BY DONNA WESTFALL
October 17, 2012. Shortly after 9 this morning, Judge Leonard J. LaCasse began the session stating, “This case has been kicking around and the buck stops here.” Just slightly over an hour later, the Judge pronounced his decision and granted the preliminary injunction. The crowded court room broke out in spontaneous applause. A broadly smiling Dr. Greg Duncan shook hands all around after the Judge issued his verdict. This injunction is limited to not changing services.
Regionalization has been a hot topic over the last couple of months as locals want to retain control while the Sacramento based Sutter Health wants to put control into the hands of their Bay Area and change the characterization of the hospital, from acute care to critical care cutting 50% of the beds and forcing patients to get treatment out of the area.
In making his decision, Judge LaCasse admits he could take up to 90 days in chambers and produce something that looks scholarly whether it is or not. He reiterated that it has gone on long enough and he was going to rule from the bench adding that any order he makes is appealable.
Before making his ruling, he pronounced general principles that courts are required to follow: Injunction should not be issued in a doubtful case. It should preserve the status quo until the matter can be resolved by a higher power. The court balances the hardships to see if there’s a good case for injunctive relief. An injunction is not a decision on the merits. It’s only to stay the course. The court looks at the likelihood that the plaintiff is going to prevail and the possibility that the plaintiffs can prevail. Even though the contract expired 20 years ago, both sides have continued to operate as though the contract were still in place. As to balancing relative harm, the Judge concluded that in the near term it’s a wash and not substantial. Judge LaCasse said, “The Courts injunction can’t be inconsistent with the public’s interest,” further stating that a lot of poor people and those on fixed incomes would have to go out of town if regionalization were to go forward.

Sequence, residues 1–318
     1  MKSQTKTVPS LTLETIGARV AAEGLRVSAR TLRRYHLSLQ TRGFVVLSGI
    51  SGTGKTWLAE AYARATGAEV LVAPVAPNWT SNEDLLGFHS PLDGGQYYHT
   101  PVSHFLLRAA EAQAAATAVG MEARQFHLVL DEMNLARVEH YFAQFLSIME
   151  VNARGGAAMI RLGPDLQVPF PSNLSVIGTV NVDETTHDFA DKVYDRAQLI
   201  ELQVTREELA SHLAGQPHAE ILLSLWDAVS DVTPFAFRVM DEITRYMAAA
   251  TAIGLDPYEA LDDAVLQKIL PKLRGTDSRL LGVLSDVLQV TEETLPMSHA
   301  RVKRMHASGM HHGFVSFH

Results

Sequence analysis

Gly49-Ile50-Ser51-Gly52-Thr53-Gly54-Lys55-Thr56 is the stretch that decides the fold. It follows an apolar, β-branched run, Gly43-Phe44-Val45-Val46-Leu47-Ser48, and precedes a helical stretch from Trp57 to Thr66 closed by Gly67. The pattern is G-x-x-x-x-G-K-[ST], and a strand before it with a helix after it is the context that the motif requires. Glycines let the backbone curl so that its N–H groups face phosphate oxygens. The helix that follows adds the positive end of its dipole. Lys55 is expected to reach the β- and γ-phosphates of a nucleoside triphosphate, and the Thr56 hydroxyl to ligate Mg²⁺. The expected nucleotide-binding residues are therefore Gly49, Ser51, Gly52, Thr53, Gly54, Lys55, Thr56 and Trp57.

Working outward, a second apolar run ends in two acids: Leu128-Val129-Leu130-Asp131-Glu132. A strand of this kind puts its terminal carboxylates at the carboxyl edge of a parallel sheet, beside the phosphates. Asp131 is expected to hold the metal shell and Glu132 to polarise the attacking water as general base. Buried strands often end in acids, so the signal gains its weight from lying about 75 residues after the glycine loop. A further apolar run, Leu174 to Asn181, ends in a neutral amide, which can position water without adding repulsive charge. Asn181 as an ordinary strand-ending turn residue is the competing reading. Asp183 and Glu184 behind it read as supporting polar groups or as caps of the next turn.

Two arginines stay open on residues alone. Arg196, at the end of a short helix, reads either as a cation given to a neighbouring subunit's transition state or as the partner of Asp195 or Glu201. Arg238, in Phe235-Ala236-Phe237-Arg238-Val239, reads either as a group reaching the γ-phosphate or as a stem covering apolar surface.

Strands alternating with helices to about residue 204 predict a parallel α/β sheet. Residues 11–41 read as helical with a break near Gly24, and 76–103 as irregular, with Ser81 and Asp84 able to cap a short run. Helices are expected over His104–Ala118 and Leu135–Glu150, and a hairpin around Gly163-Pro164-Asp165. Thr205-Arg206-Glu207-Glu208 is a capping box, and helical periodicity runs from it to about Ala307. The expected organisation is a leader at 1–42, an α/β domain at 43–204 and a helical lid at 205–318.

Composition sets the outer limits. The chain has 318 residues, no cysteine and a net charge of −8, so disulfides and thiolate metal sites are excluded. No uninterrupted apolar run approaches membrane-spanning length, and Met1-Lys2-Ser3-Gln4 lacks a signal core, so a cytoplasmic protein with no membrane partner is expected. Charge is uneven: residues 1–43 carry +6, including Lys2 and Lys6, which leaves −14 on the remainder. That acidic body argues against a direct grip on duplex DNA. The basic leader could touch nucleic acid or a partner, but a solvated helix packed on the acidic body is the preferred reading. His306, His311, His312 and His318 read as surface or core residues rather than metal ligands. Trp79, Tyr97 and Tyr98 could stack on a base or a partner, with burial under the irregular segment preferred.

Besides several of the doctors in attendance, Councilwoman Kelly Schellong and Supervisor 1st District, Leslie McNamer also attended in addition to nearly 60 people who sat in rapt attention. The Judge started out by asking if the contract was still in place and finalized by stating that he was asked to rule, and he enjoined Sutter Health from applying for seeking critical access. The Judge recognizes it is a complicated process for the district to follow and fight.
The attorney’s for Sutter Health requested a $750,000 bond be issued which was denied. Case law was cited that bonds cannot be required for public entities.
After granting the preliminary injunction, the Judge also granted the Respondents their Motion for arbitration to be held in Sacramento.